National Institute of Allergy and Infectious Diseases



Infectious mononucleosis--known popularly as "mono" or "the kissing disease"--has been recognized for more than a century. Medical scientists have determined that 90 percent of mononucleosis cases are caused by the Epstein-Barr virus (EBV), a member of the herpesvirus group. Most of the remaining cases are caused by cytomegalovirus, another herpesvirus. This backgrounder focuses on mononucleosis caused by EBV.

Almost anyone at any ate can get mononucleosis. Although it has been diagnosed in infants and in the elderly, 70 to 80 percent of all documented cases involve persons between the ages of 15 and 30. No sex difference has been scientifically established, but studies suggest that the disease occurs slightly more often in men than in women. It is estimated that each year 50 out of every 100,000 Americans have mononucleosis symptoms. In college students, the rate is several times higher.

There appears to be no particular "season" for mononucleosis, although authorities in colleges and schools, where the disease has been well studied, report that they see most patients in the fall and early spring. Epidemics do not occur, but clustering of cases has been reported.


The virus that causes most cases of mononucleosis, EBV, infects two types of cells in the body--certain salivary gland cells, where it reproduces, and white blood cells called B cells or B lymphocytes. The virus can be found routinely in the saliva of most patients for at least 6 months after the acute infection has subsided. About 15 percent of people continue to have the virus in their saliva thereafter. Mono has thus earned the nickname "the kissing disease" because it is believed that adolescents and young adults may transmit the virus to each other through prolonged kissing. Sharing drinking glasses or beverage cans may also spread the virus.

Like all herpesviruses, after infection EBV remains in the body forever. People who have been infected with the virus are potentially contagious at various times throughout their lives; that is, they may serve as a "reservoir" of virus that spreads to others in the community. Therefore, person-to-person transmission is extremely difficult to trace and in most situations virtually impossible. Just how long a mononucleosis patient is infectious is unknown. However, the period of communicability seems to begin some time before symptoms appear and the disease is not highly contagious when symptoms do appear. It may take between 2 and 7 weeks after exposure for a susceptible person to develop symptoms. Patients do not need to be isolated, and household members or college roommates are at only slight risk of being infected. Mononucleosis is hard to catch; it is only transmitted through direct contact with virus-infected saliva.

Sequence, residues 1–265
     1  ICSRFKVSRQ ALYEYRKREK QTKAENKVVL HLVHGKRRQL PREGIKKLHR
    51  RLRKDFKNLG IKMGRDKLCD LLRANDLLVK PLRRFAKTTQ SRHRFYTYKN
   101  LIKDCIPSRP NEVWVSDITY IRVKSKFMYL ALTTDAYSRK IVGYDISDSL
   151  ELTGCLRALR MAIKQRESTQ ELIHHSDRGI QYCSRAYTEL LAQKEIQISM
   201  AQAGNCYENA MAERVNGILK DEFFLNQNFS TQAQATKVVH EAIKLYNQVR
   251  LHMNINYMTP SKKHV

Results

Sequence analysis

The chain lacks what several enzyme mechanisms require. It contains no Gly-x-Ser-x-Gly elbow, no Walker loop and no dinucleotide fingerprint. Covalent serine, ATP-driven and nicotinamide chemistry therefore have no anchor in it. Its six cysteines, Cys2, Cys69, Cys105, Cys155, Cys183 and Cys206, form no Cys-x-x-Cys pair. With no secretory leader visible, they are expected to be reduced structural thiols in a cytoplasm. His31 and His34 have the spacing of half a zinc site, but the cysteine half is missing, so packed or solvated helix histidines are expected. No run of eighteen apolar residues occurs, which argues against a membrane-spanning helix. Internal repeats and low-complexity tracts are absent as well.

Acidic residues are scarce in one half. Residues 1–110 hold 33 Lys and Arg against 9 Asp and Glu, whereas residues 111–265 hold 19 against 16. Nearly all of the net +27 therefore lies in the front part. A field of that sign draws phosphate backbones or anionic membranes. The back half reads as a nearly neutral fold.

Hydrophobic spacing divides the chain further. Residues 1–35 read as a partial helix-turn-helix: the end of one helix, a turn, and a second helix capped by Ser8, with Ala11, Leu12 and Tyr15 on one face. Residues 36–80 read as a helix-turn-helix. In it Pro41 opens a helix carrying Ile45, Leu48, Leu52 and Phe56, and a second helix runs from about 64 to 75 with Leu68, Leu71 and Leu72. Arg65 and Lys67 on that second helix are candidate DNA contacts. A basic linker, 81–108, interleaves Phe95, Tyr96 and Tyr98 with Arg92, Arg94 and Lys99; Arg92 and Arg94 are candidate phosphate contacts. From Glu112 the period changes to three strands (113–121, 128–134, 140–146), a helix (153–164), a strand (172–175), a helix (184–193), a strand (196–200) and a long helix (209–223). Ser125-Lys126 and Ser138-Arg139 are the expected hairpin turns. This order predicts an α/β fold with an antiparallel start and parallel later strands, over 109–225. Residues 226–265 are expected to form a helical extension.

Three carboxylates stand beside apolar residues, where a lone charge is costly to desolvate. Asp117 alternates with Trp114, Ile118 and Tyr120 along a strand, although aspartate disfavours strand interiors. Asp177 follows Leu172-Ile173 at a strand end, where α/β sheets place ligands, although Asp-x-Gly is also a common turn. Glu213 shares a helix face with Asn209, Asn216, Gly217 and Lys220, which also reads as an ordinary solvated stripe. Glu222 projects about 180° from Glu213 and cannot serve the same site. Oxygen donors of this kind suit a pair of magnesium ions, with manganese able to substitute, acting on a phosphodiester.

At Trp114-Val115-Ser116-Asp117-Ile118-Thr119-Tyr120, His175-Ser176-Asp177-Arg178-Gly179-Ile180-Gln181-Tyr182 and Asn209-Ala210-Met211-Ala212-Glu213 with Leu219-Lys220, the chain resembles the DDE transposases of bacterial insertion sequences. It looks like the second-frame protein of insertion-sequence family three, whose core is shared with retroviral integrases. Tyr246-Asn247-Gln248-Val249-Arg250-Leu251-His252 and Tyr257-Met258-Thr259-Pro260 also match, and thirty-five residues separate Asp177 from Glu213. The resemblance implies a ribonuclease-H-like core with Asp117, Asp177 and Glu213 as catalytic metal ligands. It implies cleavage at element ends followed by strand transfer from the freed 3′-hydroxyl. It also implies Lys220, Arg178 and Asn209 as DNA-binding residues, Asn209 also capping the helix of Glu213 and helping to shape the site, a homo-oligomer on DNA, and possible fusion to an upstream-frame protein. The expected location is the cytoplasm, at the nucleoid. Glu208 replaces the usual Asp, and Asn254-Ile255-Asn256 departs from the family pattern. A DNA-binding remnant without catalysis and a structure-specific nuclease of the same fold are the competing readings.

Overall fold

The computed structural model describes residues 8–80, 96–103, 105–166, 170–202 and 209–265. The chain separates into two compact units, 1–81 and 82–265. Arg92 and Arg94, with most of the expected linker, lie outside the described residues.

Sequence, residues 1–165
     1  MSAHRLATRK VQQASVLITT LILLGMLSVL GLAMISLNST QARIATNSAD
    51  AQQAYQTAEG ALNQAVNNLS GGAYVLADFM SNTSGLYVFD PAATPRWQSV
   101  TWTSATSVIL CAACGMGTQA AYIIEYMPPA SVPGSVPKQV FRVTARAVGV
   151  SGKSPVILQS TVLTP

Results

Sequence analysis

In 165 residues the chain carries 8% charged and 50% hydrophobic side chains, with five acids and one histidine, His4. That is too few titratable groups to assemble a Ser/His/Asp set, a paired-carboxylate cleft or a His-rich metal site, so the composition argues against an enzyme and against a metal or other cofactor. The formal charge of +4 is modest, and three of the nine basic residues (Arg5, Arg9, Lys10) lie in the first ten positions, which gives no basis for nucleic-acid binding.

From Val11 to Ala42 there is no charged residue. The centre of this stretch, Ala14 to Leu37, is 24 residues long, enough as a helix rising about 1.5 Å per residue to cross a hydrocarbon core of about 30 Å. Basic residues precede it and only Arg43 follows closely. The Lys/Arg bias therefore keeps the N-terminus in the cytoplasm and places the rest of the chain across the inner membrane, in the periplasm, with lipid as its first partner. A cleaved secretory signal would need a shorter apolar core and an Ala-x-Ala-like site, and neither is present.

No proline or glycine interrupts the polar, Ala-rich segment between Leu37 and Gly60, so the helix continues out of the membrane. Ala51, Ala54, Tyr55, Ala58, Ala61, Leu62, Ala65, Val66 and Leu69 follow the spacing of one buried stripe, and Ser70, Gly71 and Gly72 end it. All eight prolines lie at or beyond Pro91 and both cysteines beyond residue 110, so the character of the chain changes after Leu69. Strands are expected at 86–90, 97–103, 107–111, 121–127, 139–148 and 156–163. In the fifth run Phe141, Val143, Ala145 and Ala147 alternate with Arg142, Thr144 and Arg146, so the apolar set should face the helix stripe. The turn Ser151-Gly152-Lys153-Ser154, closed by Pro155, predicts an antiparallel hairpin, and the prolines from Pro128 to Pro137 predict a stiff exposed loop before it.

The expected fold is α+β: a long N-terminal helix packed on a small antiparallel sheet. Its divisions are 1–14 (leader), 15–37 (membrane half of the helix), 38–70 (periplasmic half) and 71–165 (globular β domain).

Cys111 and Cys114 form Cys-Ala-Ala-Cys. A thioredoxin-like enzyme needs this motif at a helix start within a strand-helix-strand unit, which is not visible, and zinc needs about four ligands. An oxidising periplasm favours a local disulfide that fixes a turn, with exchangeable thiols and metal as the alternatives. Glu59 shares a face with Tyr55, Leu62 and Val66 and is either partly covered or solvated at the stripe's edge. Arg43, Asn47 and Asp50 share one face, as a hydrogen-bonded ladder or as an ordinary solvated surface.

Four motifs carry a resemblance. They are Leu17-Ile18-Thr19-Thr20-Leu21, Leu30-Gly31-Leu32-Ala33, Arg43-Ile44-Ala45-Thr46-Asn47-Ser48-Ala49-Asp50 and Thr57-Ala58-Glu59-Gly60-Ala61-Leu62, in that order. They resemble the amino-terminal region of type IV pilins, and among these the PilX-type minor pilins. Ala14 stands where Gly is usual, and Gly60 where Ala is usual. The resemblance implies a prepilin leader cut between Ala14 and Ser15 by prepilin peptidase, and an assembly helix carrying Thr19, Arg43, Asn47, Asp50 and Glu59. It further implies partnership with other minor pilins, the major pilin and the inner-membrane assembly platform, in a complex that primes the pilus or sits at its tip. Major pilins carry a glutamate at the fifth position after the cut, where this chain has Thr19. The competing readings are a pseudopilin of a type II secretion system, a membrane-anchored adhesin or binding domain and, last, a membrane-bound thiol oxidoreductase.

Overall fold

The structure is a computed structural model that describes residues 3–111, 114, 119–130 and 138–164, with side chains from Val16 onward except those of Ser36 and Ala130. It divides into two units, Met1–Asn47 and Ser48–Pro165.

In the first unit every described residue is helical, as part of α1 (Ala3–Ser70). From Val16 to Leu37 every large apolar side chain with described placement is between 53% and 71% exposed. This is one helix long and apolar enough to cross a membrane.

The symptoms of mononucleosis can last a few days or as long as several months, but in most cases they disappear in 1 to 3 weeks. In fact, symptoms are non-existent or are so mild in most individuals that they are not even aware of their illness.

In adolescents and young adults, the illness usually develops slowly and early symptoms are vague. They may include a general complaint of "not feeling well," headache, fatigue, chilliness, puffy eyelids, and loss of appetite. Later, the familiar triad of symptoms appears: fever, sore throat, and swollen lymph glands, especially at the side and back of the neck, but also under the arm and in the groin. A fever of 101 F to 105 F lasts for approximately 5 days and sometimes continues intermittently for 1 to 3 weeks. (High fever late in the illness is likely due to bacterial complications.) The swollen lymph glands, varying in size from a bean to a small egg, are tender and firm. Swelling gradually disappears over a few days or weeks. The spleen is enlarged in 50 percent of mononucleosis patients, and the liver is enlarged in 20 percent. Tonsillitis, difficulty in swallowing, and bleeding gums may accompany these symptoms. Rarely, jaundice or a rash that lasts 1 or 2 days is seen.

In children, EBV infection can produce a different picture. A child may have a mild sore throat or tonsillitis or no symptoms at all, and the illness often goes unrecognized by the parent or teacher.

As mononucleosis symptoms appear, the body reacts to the virus in certain distinctive ways that can be detected through laboratory tests. White blood cells known as lymphocytes increase in number (a process known as lymphocytosis), and atypical-looking (activated) lymphocytes involved in fighting the virus infection are commonly seen in blood samples. The body produces antibodies, or specific proteins, that protect against EBV.

In EBV infection, there is also a characteristic increase in the production of substances called heterophil antibodies. These antibodies reflect EBV infection in the body but are not directed against the virus and do not serve a protective function. Of the three types of heterophil antibodies most often found in the blood of patients with mononucleosis, only one type (Paul-Bunnell) is closely related to the infection. Blood tests that measure lymphocytes and antibodies aid in the diagnosis of mononucleosis.


Symptoms play an important role in the diagnosis of mononucleosis, but because this disease is a masquerader, symptoms can be misleading. They may resemble, for instance, the sore throat of a "strep" infection, the painful stiff neck of meningitis, the abdominal pains of acute appendicitis, the cough and throat lesions of diphtheria, the rash of rubella or measles, or the swollen lymph glands seen in certain forms of cancer.